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Sunday, 26 June 2016

Follow the Money

My first blog since the end of the #indyref campaign where I wrote in support of a #Yes vote – recent events have encouraged my return to the fold of Scottish politics and in this piece I hope to shed light on why a low oil price doesn’t automatically make Scotland an economic basket case.

When someone discusses “Oil Revenues” what is the first thing that enters your head? Is it;

1.       The Tax levied per barrel of oil produced?
2.       The Tax levied on the profit an oil company makes?
3.       The corporation tax of an oil company?

This isn’t a trick question, but in order for you to understand, “Oil Revenue” we need to make something abundantly clear – there is a complex system of taxation that masks both the true value of oil & gas and the extent of its influence on our economy.

This is essentially the closest you will get to option 1. It is a levy on the profit of oil and gas extraction charged at between 30 - 20% and is usually lumped in with corporation tax.

Petroleum Revenue Tax
Petroleum revenue tax is option 2. It another additional Levy  on the profit specifically arising from the extraction of hydrocarbons on the United Kingdom Continental Shelf (UKCS) It only applies to fields that were licensed & approved prior to March 1993 – meaning that newer developments are NOT subject to this charge. With this in mind, it is unsurprising then that “PRT” revenues are falling, as the fields developed prior to 1993 are all very near their end of field life. (The rate of pre-1993 PRT was reduced from 75% at inception to 50% after 1993) PRT was re-introduced on a case-by case basis, after tax-allowances at a rate of 35%

This is a special form of taxation that prevents oil companies from offsetting losses elsewhere in their business against an over performing asset.  It applies only to Oil & Gas companies. Corporation tax is universal across the UK at 20%.

Now in anyones mind, that is a LOT of tax for oil companies to burden, but it is the price of doing business & many companies do still generate profit, when the oil they sell is priced high enough. It is conversely true that only when oil companies are making big profits, that the UK exchequer does too – this is important, because this what the media mean when they say “oil and gas revenues” are down, declining, diminished, waning, etc etc – BUT – it is not the whole story.

There are many companies, who support the oil & gas industry in myriad ways - but are not included in the figures for “Oil & Gas” because they are not directly profiting from the extraction of Oil & Gas nor are they subject to the taxes I’ve outlined. Does that make the income generated by these companies any less dependent on the Oil & Gas Industry? NO! Are their profits subject to the price of oil? Partially, but so long as the industry continues to operate, these companies still turn-over vast sums of money which contribute significantly to the economy of the UK.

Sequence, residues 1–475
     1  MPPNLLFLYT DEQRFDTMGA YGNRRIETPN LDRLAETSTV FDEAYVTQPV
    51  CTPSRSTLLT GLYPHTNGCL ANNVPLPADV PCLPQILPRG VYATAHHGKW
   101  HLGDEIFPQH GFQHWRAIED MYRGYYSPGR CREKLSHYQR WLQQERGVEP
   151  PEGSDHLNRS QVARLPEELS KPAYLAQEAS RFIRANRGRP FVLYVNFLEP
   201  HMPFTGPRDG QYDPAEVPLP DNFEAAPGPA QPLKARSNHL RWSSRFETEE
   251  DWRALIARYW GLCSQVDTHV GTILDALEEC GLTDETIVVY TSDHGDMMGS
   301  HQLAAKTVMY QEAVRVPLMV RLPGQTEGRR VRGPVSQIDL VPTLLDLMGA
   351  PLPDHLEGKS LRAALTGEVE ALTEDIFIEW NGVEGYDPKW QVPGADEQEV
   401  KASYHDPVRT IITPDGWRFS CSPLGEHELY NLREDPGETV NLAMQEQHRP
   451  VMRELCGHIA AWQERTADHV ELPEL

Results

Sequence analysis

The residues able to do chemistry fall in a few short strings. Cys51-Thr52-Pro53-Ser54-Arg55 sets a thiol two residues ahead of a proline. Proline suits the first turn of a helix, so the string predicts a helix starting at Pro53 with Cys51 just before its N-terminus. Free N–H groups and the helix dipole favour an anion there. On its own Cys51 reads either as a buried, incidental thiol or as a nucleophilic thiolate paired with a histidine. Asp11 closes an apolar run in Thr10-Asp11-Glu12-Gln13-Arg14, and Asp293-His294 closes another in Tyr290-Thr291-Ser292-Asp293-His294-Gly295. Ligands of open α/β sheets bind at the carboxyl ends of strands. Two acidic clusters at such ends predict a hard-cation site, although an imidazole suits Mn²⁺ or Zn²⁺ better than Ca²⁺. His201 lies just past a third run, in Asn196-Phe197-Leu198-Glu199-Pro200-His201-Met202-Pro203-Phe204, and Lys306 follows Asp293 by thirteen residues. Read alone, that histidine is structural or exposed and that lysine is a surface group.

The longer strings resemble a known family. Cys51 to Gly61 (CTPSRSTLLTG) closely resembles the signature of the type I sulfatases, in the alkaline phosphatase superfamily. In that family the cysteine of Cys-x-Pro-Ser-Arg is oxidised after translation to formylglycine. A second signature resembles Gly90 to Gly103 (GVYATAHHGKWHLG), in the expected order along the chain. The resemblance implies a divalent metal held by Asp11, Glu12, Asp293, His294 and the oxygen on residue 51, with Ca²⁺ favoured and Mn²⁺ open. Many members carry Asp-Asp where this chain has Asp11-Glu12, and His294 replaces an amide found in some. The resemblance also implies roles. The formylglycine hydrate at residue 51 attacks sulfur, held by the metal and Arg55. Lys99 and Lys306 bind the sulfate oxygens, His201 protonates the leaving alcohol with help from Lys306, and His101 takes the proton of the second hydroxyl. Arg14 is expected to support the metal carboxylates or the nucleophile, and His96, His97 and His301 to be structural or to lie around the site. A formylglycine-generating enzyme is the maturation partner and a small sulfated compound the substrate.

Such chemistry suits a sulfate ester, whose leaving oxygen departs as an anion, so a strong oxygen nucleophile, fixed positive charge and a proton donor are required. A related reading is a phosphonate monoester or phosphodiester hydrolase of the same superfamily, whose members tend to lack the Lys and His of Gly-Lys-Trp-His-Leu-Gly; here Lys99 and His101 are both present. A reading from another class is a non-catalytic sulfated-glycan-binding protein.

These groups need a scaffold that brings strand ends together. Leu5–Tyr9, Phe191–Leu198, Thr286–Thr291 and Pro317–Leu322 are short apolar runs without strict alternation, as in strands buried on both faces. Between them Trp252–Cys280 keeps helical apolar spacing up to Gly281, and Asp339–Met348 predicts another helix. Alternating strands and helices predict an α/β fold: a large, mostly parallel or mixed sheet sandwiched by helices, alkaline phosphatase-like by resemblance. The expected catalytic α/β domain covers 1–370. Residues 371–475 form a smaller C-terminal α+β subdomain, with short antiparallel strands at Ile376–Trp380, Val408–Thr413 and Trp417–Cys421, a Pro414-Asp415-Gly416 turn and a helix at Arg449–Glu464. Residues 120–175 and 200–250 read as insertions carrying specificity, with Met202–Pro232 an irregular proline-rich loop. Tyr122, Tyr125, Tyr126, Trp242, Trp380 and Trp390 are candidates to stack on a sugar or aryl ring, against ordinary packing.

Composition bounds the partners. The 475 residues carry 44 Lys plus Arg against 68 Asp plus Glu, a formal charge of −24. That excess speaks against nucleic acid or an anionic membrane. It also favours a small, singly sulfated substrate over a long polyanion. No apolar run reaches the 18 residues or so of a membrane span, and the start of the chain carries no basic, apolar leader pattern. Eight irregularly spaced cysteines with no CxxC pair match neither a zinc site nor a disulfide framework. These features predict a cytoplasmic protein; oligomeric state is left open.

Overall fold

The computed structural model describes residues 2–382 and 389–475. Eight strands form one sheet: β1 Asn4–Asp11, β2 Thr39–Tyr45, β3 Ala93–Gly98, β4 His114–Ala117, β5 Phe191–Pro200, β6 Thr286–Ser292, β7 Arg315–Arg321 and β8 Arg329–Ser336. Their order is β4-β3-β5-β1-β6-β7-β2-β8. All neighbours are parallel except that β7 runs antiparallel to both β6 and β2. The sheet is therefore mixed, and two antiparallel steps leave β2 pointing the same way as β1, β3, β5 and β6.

Let me give you some examples. Emerson, Siemens, Honywell, ABB,  Schlumberger, Halliburton, Baker Hughes, Weatherford, Oceaneering, Wood Group PSN, Enermech, Scotoil, Asco,  Petrofac, Aramark, ESS, Stork, Amec Foster Wheeler, SubSea7, Bibby offshore, Siepem, Sodexo, Capita, Bond, Bristows, CHC Scotia, Odjfell Drilling, Dolphin Drilling, Diamond Drilling, Noble Drilling, Intertek, SGS, IKM, Tyco, Falck Nutec, Survivex, Sikorsky, AirBus Helicopters,  Hilton Hotels, Marriot Hotels, Travelodge, Best Western, Holiday Inn, British Airways, Eastern Airways, Easyjet, Scotrail

The list is literally endless & the point I’m trying to make is that the vast sums of income tax, national insurance, VAT, Fuel Duty etc generated in support of the oil & gas industry, despite being generated in Scotland – is deemed “British” revenue by virtue that nearly 95% of companies that actively support oil & gas are tax-registered in England. At the moment, revenue from income tax & NI is based on “sampling” across the UK & by population share, which is a ludicrously simplistic & inaccurate method given the disparity of the wealth generated in Scotland and the tax ultimately attributed here.

If you work in Scotland, but your payroll department issues your payslip from a tax-registered office outside of Scotland, the tax you pay is not deemed Scottish, but British. In the instance where Scotland took complete control of its economy, there is a colossal slice of British Tax Revenue that would become exclusively Scottish & over the last 4 years the British establishment & media has worked hard to ignore / disguise that very fact.

What I’ve outlined above doesn’t just apply to the Oil & Gas industry; it applies right-across the UK in every town and city. The ramifications of correctly-allocating the tax revenues of companies that primarily do business in Scotland or within Scotland’s waters is profound & can’t be ignored when considering if Scotland should stay in the EU as an independent country.